With the camera, power adapter, special A/V USB cable, and time-lapsed software now on-hand I needed to get the camera to take a picture, and get that picture to load onto the laptop.  That was a real pickle.  I went all through the camera menu and instruction manual.  I couldn't find anything that even resembled "remote control"as described in the installation instructions on the SebecTec website.  Eventually I gave up and emailed Mike the SebecTec engineer.  He replied back in a few hours with this.  After removing the MicroSD card leave the card cover door open as you access the camera menu.  You're looking for USB control in the menu.  Once that is selected you can close the memory card door.

The next thing to do is connect the camera to the laptop via the USB cable and launch the time-lapsed webcam software.  I initially setup the software to take a picture every 60 seconds.  The images were getting to the laptop but how could I get them to a website?  I thought of several options but I finally decided on uploading the images to a Public folder on Dropbox and linking to the latest image on my destination website.  The latest image always has the same file name "olympusCam1".  The file name changes to the current "yyyymmddmmss" after the next olympusCam1 image is uploaded.  It took me about 24 hours before I figured out all the things I was doing wrong but I finally got it to work.

Lake Spivey Webcam Configuration
With everything working fine I decided to do a test.  How long would the camera run before it required intervention?  There were a lot of steps where something could go wrong.  I moved everything from the kitchen table, where I'd made camp for three days, to a spare bedroom.  I set up the camera to take pictures of my backyard.  At this point I configured the camera to take a picture every 5 minutes.  This would use less bandwidth and storage space. The image is sent to the laptop and stored.  A copy of the image is sent or synced to the Dropbox account Public folder.  The image is then available for viewing on the lake Spivey website.  The free Dropbox account only has 2GB of storage.  For $10 a month I can get 100GB of storage space.  That should be plenty of space to store several weeks of images before having to delete old images.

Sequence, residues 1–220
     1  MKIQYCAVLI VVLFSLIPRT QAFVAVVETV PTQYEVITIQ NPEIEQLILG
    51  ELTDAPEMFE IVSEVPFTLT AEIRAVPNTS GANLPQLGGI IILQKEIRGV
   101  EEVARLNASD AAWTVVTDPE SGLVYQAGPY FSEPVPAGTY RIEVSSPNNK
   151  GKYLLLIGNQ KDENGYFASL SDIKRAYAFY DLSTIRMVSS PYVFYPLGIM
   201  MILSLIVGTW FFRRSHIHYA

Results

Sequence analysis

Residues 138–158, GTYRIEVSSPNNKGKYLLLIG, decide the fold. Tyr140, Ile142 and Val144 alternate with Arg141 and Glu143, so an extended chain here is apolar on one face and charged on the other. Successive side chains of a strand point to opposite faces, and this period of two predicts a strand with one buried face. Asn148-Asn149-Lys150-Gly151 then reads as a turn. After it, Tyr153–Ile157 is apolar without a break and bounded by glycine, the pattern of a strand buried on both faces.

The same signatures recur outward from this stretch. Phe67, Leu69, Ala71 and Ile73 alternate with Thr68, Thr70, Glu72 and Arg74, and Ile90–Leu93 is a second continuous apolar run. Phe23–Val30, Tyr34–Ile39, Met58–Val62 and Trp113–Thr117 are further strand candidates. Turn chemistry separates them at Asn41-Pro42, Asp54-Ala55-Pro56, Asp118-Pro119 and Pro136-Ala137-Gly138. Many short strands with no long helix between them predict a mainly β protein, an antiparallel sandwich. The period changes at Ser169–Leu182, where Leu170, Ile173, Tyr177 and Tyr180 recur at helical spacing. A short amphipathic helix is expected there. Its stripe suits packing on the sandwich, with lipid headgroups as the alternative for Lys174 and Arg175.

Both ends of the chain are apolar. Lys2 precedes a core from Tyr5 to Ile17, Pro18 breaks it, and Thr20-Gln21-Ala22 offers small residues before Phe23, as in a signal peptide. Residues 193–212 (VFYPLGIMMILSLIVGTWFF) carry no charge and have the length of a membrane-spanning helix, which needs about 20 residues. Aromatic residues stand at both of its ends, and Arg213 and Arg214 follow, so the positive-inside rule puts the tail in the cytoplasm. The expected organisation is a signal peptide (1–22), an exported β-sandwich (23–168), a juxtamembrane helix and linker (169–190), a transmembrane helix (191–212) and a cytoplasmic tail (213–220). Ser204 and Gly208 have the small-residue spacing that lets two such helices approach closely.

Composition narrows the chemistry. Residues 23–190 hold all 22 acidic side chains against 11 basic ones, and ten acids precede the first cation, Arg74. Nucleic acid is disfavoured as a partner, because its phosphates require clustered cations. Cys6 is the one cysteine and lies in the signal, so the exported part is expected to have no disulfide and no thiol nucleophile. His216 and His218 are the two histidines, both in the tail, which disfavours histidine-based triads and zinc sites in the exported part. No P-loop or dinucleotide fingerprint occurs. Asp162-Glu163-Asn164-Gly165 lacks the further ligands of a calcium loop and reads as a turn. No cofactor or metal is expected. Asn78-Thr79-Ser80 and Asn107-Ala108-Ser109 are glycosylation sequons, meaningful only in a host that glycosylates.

Camera Test Setup
Well, as luck would have it there was a brief power outage in my neighborhood early the next morning. Images stopped being posted online at 5:18AM.  All the lights at my house were out.  The router to my U-Verse Internet, and the Olympus SP-500uz camera with no batteries installed, lost power too.  The laptop has a battery so it continued to function.  The camera probably restored immediately after power was returned.  The SebecTec software has a restart application and a restart computer option.  Those were not selected.  That's why it's a test configuration!  The goal is to ensure that the camera works uninterrupted for several weeks at least.

The subject for the test will likely change. Currently, I've got the camera focused on my backyard.


When I finally had time to check the laptop I found that it had gone into hibernation mode.  All I did was press the power button, wait for the Wi-Fi to connect to my network, and click "start" on the SebecTec software.

I came to an epiphany as I was writing this blog.  My initial plan was to install a single camera on the lake for people to view.  Since I don't live on the water I needed someone who does live on the water to offer a location for the camera, power and access to the Internet.  I received an offer to provide this from my good friend Sally but I didn't want to be a burden.  I'd hate to have to call Sally everyday to ask her to start the software.  Not that it would be needed but, even a call once a month would be too much.  My epiphany was "Why limit the project to one camera?  What if other folks on the lake would install their own cameras and we had half a dozen cameras?"  All I should need to do is provide some guidance and before I know it cameras will pop up like irises in Griffin.  The Griffin, Georgia motto is "The Iris City".  An iris is one of those flowering bulb plants that you never see until it pops out of the ground.  I hope the information I've provided here leads to more cameras and irises.

As for my other two proposed budget items, who knows.  Maybe if save a little money on one project then I can use it on another.

Thanks for reading.